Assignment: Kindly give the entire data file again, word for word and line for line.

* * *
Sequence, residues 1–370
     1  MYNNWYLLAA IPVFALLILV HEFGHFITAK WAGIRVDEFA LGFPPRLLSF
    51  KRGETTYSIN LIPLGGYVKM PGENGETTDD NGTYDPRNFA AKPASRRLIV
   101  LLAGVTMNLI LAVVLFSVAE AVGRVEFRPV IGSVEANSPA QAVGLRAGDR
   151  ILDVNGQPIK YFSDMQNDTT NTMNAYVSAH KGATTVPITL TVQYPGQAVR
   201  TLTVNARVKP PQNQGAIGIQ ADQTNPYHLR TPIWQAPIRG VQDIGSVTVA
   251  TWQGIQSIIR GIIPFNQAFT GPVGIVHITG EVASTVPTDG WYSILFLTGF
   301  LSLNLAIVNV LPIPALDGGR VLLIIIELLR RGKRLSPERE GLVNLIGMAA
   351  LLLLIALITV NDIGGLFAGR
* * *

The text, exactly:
Sequence, residues 1–370
     1  MYNNWYLLAA IPVFALLILV HEFGHFITAK WAGIRVDEFA LGFPPRLLSF
    51  KRGETTYSIN LIPLGGYVKM PGENGETTDD NGTYDPRNFA AKPASRRLIV
   101  LLAGVTMNLI LAVVLFSVAE AVGRVEFRPV IGSVEANSPA QAVGLRAGDR
   151  ILDVNGQPIK YFSDMQNDTT NTMNAYVSAH KGATTVPITL TVQYPGQAVR
   201  TLTVNARVKP PQNQGAIGIQ ADQTNPYHLR TPIWQAPIRG VQDIGSVTVA
   251  TWQGIQSIIR GIIPFNQAFT GPVGIVHITG EVASTVPTDG WYSILFLTGF
   301  LSLNLAIVNV LPIPALDGGR VLLIIIELLR RGKRLSPERE GLVNLIGMAA
   351  LLLLIALITV NDIGGLFAGR